Turn the snowboard base upwards and secure it in a vise to hold it in place. If you don’t have a vise, you can use two raised blocks, a stack of books, or some wood to support the board as you work on it. Go over the damaged portion and remove all remnants of base material around the hole.

The metal scraper will come in handy here, but you can also use a razor blade. 

Brush off any dirt or debris around the area, get rid of any dirt, and wax with a base cleaner. Allow the base cleaner to dry completely, then use rubbing alcohol and a clean towel to remove any remaining base cleaner.

Fill the Gouge With P-Tex

Polyethylene repair candle, commonly known as P-Tex, is the main ingredient when filling serious gouges on a snowboard. The first step to using it is to light up one tip of the P-Tex candle and then wait for the flaming. It takes a while to get going, so just wait a few minutes.

As the tip burns, it’ll generate black carbon flakes. Don’t allow the residue to get into the board base, as it’ll reduce the bonding ability of the P-Tex. You can achieve this by allowing the candle dripping to fall onto your metal scraper and then roll the tip around until it’s clear and without any carbon.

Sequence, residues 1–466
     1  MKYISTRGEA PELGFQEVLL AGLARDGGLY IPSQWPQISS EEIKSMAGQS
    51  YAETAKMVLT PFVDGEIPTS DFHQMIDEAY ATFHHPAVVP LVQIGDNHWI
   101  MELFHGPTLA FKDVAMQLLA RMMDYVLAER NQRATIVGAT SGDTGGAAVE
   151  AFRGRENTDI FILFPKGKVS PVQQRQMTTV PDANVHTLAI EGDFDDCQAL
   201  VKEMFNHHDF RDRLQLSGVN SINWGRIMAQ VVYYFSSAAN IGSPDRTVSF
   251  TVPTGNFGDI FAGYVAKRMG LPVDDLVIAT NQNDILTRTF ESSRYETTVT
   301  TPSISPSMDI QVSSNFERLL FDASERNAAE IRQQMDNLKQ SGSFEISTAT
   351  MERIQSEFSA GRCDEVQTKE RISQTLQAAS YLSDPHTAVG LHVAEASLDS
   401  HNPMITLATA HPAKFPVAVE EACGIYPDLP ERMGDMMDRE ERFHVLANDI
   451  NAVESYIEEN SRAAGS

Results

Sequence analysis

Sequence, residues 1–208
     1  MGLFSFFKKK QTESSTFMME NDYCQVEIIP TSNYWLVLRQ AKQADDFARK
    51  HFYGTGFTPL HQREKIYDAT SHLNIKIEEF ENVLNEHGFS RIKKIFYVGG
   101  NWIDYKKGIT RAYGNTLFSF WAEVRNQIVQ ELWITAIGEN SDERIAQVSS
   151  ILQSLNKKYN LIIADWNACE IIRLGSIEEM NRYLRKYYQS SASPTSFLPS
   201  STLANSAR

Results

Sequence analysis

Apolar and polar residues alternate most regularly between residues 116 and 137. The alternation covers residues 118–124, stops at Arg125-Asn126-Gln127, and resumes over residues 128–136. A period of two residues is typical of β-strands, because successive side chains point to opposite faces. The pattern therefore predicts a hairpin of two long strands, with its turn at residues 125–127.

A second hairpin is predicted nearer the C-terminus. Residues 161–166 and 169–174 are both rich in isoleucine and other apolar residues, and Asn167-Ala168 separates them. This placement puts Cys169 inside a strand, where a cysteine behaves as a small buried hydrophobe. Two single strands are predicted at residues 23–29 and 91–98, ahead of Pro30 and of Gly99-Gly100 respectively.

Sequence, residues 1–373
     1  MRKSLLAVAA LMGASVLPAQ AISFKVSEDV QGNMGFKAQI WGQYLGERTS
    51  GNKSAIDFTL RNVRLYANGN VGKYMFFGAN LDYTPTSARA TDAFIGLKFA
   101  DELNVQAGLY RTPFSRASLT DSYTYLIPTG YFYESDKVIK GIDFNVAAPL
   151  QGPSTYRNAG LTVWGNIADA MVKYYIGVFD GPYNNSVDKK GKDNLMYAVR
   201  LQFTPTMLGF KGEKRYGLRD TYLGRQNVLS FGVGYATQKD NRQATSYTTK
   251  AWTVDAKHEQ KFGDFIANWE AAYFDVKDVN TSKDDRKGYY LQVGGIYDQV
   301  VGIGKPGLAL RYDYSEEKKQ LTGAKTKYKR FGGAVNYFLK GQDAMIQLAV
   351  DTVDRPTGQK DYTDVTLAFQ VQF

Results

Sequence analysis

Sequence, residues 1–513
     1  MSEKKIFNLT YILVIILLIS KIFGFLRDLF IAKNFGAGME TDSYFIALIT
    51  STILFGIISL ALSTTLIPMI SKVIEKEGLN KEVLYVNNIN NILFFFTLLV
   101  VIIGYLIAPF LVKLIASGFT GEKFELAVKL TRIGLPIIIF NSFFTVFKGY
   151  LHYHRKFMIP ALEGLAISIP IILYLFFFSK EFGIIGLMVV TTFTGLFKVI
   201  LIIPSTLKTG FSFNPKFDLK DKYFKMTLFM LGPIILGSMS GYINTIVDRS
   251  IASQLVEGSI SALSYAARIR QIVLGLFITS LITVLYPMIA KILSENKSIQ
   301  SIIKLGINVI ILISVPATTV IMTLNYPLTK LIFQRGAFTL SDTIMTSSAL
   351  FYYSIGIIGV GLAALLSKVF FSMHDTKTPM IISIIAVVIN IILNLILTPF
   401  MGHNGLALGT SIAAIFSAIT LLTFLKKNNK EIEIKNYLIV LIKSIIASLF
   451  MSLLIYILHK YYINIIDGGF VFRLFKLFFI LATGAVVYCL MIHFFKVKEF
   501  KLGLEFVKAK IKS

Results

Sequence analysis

Instead of big and yellow, a low and blue flame will also help you keep the molten P-Tex carbon-free. Once you’ve accumulated a decent size of molten P-Tex candle, you can move it to the gouge.

Here’s what you should do next:

  1. Hold the candle very close to the surface and then allow it to slowly flow into the hole.
  2. Begin at the far corner of the board, and allow it to pool in the middle. You can overfill the P-Tex because it’ll shrink as it cools down.
  3. Turn off the flame once satisfied with the overall covering. Otherwise, burn the second round of P-Tex and turn off the flame.
  4. Wait 15–20 minutes to allow the P-Tex to cool down.
  5. Remove all excessive P-Tex material sticking up too much above the base of your board using a sharp, 90-degree edge metal scraper.